Microsoft is gearing up for the release of its next-generation Windows 8 operating system, and the company is already sharing details on what those who want to upgrade to it could expect.
These details were not made available for the public, but rather only shared with some of the company’s partners, but they cover upgrade plans for Windows XP, Vista and Windows 7.
According to a recent article from ZDNet’s Mary Jo Foley
, Microsoft has provided specific details on what apps and settings will be preserved on computers when upgrading from older platform versions.
Apparently, those who are interested in upgrading to Windows 8
, the basic version of the new platform, from Windows 7 Starter, Windows 7 Home Basic and Windows 7 Home Premium, will be able to do so while having their Windows settings, personal files and applications preserved.
When upgrading to Windows 8 Pro from Windows 7 Starter, Windows 7 Home Basic, Windows 7 Home Premium, Windows 7 Professional and Windows 7 Ultimate, all Windows settings, personal files and applications will be preserved.
Moreover, Microsoft will offer an upgrade path to Windows 8 Enterprise, which will be available only for volume licensing through Software Assurance contracts.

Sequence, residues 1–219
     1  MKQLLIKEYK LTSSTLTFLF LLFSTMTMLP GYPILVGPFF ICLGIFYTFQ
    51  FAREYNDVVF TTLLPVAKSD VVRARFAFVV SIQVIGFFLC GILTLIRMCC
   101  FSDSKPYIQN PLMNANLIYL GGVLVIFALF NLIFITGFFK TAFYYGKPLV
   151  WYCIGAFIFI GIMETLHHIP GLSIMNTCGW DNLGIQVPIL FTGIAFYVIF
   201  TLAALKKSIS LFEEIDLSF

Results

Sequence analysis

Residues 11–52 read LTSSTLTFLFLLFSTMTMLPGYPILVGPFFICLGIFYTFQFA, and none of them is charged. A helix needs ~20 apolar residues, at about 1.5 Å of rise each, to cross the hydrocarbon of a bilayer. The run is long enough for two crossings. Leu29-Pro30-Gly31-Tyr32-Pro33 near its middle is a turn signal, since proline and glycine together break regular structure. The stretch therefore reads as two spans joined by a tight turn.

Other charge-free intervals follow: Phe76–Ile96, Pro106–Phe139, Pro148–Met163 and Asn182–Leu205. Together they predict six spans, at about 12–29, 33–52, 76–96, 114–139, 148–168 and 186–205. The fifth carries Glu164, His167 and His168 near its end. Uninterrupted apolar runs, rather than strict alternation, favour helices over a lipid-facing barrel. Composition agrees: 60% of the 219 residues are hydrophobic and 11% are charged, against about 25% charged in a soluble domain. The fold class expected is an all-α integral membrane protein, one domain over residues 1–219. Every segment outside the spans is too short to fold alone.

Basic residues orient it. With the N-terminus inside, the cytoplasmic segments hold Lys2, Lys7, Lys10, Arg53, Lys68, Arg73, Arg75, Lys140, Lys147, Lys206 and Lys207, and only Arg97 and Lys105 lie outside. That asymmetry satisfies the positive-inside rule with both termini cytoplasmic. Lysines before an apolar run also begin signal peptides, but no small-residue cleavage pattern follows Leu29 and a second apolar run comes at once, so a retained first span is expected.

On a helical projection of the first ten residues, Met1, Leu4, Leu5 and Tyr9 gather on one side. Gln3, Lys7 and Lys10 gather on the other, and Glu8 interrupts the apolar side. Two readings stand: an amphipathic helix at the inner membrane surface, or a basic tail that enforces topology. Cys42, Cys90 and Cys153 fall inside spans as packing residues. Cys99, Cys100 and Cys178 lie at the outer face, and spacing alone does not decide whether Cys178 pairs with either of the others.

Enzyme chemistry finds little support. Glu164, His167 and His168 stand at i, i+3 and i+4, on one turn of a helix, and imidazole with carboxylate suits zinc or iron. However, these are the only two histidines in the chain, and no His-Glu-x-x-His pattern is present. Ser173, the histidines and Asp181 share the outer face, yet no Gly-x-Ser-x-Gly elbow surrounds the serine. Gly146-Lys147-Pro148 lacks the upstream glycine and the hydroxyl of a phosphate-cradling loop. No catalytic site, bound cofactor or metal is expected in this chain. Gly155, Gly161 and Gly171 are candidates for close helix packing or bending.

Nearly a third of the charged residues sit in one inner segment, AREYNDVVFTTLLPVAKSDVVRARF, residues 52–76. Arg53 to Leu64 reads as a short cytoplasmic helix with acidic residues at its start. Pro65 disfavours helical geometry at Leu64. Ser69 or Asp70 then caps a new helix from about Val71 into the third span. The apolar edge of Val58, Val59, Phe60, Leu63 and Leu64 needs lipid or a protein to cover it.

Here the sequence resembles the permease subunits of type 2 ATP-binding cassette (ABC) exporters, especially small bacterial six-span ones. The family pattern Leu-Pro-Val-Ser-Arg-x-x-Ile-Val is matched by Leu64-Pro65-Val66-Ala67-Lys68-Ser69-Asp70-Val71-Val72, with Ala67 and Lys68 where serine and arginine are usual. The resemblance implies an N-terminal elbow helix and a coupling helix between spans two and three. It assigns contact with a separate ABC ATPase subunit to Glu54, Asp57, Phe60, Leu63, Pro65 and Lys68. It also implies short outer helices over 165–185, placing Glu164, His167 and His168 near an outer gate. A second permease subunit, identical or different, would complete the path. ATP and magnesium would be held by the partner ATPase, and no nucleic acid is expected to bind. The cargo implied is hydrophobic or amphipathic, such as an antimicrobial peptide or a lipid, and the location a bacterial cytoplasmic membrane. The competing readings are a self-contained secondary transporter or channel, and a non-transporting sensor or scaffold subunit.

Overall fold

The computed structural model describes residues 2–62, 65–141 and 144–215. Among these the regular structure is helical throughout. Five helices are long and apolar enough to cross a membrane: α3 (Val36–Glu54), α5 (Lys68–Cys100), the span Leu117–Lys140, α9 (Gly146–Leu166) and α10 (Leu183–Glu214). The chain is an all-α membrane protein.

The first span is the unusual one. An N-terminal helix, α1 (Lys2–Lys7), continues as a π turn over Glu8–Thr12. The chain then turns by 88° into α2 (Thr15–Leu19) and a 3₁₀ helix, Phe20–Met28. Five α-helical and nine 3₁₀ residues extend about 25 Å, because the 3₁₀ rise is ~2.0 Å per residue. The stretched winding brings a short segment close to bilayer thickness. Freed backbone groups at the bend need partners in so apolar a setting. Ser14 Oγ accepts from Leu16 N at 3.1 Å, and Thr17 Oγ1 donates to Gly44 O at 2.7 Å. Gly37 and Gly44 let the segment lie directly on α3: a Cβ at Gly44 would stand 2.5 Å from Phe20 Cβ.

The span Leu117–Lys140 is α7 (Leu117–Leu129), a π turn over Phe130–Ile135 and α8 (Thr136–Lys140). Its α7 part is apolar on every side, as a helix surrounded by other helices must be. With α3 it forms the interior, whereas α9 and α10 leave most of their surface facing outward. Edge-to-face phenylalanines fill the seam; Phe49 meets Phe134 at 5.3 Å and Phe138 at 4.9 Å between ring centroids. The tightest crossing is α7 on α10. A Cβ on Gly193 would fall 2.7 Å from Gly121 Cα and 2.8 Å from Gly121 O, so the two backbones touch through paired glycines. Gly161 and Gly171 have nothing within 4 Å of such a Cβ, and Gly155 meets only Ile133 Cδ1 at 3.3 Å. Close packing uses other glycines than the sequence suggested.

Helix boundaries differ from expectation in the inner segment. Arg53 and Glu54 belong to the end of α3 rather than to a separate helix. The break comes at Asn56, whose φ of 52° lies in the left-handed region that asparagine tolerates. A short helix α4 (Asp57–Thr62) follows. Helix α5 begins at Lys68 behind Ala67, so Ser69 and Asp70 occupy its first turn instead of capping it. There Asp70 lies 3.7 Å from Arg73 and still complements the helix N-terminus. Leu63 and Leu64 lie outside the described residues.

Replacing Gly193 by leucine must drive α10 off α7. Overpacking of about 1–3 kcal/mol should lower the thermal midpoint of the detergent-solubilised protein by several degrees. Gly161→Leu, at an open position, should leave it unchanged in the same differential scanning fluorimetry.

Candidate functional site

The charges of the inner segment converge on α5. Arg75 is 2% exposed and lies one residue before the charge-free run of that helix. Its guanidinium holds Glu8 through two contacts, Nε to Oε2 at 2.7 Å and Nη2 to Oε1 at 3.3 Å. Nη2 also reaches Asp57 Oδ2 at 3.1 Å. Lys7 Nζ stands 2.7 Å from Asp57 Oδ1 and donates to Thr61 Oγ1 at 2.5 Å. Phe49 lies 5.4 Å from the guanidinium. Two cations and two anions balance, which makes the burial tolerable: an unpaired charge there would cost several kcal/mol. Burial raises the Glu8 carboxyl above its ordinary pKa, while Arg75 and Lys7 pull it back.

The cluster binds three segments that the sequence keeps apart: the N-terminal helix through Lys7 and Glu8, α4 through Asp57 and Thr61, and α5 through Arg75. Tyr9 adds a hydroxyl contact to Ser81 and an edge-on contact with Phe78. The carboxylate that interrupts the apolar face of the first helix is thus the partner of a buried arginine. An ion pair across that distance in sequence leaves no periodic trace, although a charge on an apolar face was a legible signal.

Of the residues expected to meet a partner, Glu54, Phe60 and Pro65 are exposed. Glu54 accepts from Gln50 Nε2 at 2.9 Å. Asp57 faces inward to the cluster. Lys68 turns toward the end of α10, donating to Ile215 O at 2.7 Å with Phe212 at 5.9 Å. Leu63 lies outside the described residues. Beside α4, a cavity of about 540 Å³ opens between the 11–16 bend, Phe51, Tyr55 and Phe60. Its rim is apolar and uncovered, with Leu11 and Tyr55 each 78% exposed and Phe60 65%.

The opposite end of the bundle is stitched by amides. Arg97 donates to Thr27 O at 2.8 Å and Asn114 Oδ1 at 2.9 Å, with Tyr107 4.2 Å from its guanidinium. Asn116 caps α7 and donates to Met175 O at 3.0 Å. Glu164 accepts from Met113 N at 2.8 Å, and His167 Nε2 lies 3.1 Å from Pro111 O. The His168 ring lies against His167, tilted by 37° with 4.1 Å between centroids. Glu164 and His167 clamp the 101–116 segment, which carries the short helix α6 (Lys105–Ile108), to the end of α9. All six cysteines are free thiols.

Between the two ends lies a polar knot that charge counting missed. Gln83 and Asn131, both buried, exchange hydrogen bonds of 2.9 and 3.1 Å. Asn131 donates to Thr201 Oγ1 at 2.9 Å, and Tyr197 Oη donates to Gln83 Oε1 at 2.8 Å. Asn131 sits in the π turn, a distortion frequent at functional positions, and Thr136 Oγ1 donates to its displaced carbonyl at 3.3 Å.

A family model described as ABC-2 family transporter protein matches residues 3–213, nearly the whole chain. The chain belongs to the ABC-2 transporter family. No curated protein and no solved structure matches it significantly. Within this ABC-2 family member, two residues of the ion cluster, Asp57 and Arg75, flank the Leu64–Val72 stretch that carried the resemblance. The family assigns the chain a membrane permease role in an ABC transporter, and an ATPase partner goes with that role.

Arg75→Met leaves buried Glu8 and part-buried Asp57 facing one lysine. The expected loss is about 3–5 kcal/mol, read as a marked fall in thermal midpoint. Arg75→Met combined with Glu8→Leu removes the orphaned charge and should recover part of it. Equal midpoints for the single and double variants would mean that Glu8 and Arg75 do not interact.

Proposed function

Those who would like to upgrade to this OS version will be able to do so from Windows 7 Professional and Windows 7 Enterprise, and will also have their Windows settings, personal files and applications maintained.
Upgrades from Windows Vista to Windows 8
will also be available, but only the personal files will be preserved during the process, Mary Jo Foley reports.
This applies only to upgrades from Vista without Service Pack 1 (SP1) installed. Those who have SP1 installed will have their personal data and system settings preserved during the upgrade.
Upgrades from Windows XP SP3 or higher will also be possible, but only personal files/data would be maintained, Microsoft reportedly stated.
Unfortunately, nothing will be preserved when performing a cross-language installation (unless users install the new platform via Windows 8 Setup). Cross-architecture upgrades won’t be available at all, it seems.